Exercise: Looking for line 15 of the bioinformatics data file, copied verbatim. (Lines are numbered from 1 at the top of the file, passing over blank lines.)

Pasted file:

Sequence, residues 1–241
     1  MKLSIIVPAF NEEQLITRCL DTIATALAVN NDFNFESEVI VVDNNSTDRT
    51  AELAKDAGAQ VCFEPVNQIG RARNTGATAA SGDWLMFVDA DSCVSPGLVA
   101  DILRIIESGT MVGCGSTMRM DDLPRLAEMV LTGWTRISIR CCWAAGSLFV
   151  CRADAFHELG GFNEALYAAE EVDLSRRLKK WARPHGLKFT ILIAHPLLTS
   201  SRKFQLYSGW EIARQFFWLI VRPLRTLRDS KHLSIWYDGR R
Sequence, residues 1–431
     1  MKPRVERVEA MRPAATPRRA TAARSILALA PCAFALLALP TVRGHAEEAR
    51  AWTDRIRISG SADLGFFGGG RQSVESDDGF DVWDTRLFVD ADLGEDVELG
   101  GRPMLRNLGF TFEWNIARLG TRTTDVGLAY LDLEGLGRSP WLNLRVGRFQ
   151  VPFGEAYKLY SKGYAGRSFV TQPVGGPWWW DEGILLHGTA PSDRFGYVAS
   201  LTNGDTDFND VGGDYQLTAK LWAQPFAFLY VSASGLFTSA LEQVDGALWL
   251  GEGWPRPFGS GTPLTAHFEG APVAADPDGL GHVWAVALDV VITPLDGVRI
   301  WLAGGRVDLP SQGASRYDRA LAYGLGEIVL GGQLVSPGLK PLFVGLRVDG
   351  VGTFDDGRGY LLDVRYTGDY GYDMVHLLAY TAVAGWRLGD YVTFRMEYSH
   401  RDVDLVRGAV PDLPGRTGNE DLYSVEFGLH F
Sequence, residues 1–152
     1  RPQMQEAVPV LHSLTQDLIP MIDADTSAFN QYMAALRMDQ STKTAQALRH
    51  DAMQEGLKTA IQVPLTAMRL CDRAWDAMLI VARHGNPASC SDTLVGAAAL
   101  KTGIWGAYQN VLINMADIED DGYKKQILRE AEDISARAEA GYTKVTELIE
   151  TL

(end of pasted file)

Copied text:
   351  VGTFDDGRGY LLDVRYTGDY GYDMVHLLAY TAVAGWRLGD YVTFRMEYSH